The finger experiment is exactly the same – creating a body ownership illusion by tricking the brain’s algorithm for constructing its ownership model.
Magicians exploit this all the time as well. They have learned through trial and error that people consistently make the same assumptions about how reality works and that they will tend to pay attention to and process certain kinds of information in front of them. Magicians trick their audience into constructing reality in a false but entertaining way. Magic tricks are literally illusions.
Research also reveals that the brain processes multiple streams of sensory information simultaneously and compares them to each other. So – it does not just use visual information to construct what you see; it also uses sound, tactile, and other information to construct one seamless narrative of reality.
The builders of amusement park rides know this. The latest rides and high-end parks, like Disney or Universal, use multiple sensory modalities together to create powerful illusions. On Universal’s Spiderman ride, for example, you sit in a car with about a dozen other people as you move slowly through a three-dimensional set with video screens to show the action. At various points you are made to feel as if your car is falling to the ground. This sensation is created by tilting the car forward so you feel gravity’s tug, while the video shows you falling through the air. At another point a super villain threatens you with a blow torch, and a blast of hot air is enough to create the illusion that the threat is real.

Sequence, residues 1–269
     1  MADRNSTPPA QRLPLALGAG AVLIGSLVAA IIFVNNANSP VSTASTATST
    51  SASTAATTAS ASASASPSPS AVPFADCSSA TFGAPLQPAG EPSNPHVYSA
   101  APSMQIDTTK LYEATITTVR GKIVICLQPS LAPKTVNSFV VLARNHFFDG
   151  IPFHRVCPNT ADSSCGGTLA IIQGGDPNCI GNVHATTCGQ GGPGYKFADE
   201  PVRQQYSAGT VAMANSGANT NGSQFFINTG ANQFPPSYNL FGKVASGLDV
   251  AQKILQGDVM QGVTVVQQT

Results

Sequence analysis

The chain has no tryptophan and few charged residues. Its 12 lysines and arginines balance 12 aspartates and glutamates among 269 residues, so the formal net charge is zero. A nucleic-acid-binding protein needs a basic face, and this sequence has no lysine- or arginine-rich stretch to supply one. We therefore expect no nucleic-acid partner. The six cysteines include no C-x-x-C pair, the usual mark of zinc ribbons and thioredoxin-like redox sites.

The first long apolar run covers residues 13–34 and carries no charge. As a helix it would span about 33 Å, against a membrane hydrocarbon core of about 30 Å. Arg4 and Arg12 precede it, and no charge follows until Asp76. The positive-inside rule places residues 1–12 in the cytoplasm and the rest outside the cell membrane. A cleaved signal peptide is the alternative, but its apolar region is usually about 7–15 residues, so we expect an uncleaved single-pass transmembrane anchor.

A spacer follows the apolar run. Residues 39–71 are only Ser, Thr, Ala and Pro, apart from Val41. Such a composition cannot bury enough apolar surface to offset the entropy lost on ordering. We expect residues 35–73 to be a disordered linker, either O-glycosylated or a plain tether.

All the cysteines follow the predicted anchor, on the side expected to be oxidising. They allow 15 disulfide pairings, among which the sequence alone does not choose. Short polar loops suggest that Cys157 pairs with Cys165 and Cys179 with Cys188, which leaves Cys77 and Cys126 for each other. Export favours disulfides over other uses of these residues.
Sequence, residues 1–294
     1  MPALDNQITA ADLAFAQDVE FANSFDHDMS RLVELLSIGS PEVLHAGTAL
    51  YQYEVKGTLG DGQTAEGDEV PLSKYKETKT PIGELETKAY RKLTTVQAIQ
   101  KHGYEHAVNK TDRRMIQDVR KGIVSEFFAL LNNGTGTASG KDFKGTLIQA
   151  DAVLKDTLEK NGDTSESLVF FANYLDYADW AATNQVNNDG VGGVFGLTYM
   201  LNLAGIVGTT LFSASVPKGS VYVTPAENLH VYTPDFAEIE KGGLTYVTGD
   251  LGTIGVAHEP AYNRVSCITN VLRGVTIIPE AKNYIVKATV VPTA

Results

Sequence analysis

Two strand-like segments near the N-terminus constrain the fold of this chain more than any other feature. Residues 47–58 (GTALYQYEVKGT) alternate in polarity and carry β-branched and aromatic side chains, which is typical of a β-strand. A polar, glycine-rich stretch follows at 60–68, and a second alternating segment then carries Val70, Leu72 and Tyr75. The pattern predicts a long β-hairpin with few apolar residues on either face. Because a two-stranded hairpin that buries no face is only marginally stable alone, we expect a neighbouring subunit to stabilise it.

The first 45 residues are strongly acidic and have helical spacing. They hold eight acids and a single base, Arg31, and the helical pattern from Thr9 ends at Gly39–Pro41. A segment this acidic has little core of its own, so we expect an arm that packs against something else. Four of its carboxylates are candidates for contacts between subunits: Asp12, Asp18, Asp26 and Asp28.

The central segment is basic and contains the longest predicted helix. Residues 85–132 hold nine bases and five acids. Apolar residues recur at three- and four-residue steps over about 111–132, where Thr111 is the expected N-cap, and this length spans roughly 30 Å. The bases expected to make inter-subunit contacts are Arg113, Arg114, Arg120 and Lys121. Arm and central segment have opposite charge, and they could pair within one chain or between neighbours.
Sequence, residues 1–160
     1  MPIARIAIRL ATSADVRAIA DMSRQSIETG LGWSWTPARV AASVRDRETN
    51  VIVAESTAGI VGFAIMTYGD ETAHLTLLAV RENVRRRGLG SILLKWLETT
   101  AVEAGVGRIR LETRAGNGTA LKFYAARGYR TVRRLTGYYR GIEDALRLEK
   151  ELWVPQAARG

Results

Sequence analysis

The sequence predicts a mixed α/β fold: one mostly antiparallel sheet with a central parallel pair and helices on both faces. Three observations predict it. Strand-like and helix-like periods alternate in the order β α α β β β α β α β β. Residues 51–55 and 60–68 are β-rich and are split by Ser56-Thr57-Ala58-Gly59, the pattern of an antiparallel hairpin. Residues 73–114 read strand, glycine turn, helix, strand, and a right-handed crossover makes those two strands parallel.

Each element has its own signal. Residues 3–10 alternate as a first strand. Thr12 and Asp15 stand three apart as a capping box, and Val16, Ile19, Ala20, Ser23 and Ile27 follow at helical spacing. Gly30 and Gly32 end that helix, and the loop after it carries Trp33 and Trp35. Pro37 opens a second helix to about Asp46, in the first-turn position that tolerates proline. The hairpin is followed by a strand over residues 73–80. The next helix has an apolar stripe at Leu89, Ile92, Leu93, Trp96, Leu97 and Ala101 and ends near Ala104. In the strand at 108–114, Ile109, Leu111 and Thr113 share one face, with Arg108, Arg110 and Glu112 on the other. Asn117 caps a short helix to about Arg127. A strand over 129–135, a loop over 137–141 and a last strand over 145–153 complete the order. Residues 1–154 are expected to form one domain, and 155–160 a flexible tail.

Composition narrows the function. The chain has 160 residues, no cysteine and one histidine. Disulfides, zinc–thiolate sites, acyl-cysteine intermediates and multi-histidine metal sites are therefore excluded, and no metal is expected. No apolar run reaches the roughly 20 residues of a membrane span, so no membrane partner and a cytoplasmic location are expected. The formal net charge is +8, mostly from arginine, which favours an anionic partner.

This latest research shows that the brain will get by with one type of sensation if that is all it has, but other research clearly indicates that our brains weave multiple sensations together when available.
The researchers also found that when the subjects grasped the artificial finger, some of them perceived their real index finger to be closer and level with the hand grasping the artificial finger. In other words – the brain’s construction of where the two fingers are in relation to each other was based not only on directly feeling where those fingers were, but also incorporating the sensation that one finger was grasping the other.
Professor Simon Gandevia, Deputy Director of Neuroscience Research Australia, who conducted the research said:
“Grasping the artificial finger induces a sensation in some subjects that their hands are level with one another, despite being 12 cm apart. This illusion demonstrates that our brain is a thoughtful (yet at times gullible!) decision maker: it uses available sensory information and memories of past experiences to decide what scenario is most likely (i.e. ‘my hands are level’).”
That is as good a summary as any – our brains are thoughtful but gullible.